By 2020 – a mere three years from now – research has projected there will be more than 20 billion connected devices on the planet. That’s an average of roughly four per person, ranging from tablets to eyeglasses and houses to cars. The Internet of Things is expected to transform everyday life as we know it in areas ranging from home comfort to health care.
In the purely enterprise space, Cisco’s recent IoT study of IT executives and business decision makers showed that 95 percent of executives surveyed planned to launch an IoT business within the next three years. Seventy-three percent say they already are using the IoT to improve their businesses.
But as with many of life’s innovation and rewards, there also are risks, as more connected devices mean more entry points for would-be hackers and cyber criminals. This, according to researchers, has given the public some pause on the IoT. Various analysts from Pew to Gartner have tracked consumer worries that might prevent them from purchasing connected devices.
A 2016 Accenture Consulting survey revealed that growth in connected devices has been a bit slower than expected due to a perceived lack of value and confusion over competing and incompatible standards that govern the IoT. Additionally, 47 percent of those surveyed cited privacy and security concerns as the reason for not buying more IoT products. Manufacturers would be wise to address this public perception problem.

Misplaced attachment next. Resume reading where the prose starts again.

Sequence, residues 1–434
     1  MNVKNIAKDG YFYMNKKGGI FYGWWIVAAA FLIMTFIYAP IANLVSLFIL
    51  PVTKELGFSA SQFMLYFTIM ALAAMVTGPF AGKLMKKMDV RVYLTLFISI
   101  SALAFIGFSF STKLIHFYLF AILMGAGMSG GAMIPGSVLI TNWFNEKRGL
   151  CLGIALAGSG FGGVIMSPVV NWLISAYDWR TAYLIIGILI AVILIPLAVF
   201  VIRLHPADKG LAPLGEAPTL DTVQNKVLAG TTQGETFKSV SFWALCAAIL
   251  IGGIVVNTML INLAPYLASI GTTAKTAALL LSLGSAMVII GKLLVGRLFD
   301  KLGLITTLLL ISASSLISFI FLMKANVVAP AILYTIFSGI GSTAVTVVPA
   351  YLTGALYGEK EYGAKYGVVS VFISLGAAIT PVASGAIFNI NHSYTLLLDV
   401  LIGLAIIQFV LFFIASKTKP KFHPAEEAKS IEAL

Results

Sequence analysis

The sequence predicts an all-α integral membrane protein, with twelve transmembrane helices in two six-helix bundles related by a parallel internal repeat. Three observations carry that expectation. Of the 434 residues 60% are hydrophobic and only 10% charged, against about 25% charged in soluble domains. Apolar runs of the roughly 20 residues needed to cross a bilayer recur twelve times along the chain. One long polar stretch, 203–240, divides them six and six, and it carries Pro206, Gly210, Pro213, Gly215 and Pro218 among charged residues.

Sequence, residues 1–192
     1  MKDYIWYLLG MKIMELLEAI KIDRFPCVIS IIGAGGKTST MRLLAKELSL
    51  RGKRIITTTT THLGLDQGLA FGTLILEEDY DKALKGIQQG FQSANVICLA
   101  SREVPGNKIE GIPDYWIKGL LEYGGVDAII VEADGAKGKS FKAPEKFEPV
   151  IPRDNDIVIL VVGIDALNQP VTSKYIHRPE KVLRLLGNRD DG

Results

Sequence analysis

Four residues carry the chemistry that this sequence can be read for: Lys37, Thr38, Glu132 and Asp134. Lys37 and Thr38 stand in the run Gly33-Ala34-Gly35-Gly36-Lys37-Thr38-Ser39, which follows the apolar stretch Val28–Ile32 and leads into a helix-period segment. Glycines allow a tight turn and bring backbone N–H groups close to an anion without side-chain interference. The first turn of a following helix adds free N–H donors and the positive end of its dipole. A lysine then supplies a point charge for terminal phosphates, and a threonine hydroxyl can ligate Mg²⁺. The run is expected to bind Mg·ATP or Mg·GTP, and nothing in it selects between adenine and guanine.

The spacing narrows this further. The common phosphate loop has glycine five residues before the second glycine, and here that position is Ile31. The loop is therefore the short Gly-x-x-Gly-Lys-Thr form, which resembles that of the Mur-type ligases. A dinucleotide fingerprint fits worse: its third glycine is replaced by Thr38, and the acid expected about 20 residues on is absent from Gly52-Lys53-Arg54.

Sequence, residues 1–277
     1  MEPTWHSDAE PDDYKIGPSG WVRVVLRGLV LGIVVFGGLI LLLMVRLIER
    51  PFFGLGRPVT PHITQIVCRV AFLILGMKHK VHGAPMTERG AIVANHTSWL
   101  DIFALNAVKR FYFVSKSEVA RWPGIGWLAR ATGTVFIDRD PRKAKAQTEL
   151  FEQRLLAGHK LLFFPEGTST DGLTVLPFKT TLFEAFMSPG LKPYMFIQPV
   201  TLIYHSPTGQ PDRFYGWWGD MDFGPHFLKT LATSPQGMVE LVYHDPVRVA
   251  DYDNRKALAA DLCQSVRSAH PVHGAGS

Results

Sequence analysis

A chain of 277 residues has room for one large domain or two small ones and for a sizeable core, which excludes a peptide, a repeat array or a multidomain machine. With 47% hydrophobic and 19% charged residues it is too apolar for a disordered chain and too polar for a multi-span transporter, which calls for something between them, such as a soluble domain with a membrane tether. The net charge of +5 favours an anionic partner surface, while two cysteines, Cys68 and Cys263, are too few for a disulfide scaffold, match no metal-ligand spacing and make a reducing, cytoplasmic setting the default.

Security aside, there is the amount of data that IoT devices are likely to generate, creating storage capacity and privacy concerns too. A Federal Trade Commission report revealed that fewer than 10,000 households can generate 150 million discrete data points in a day. Sensitive information might be vulnerable.
On top of that, people worry that the data collected could be used against them, as in calculating car or health insurance, or worse, that manufacturers or hackers could violate the inner sanctum of their homes, knowing what bread they buy at the grocery store or what late-night TV shows they prefer.
Analysts argue the IoT is coming, and it will come with its own set of data storage concerns. In the meantime, enterprise and government organizations can safeguard their workstation and laptop data with a CRU removable drive. Removable drives make it easy to disconnect data from prying eyes, as well as simplify and accelerating data transfer.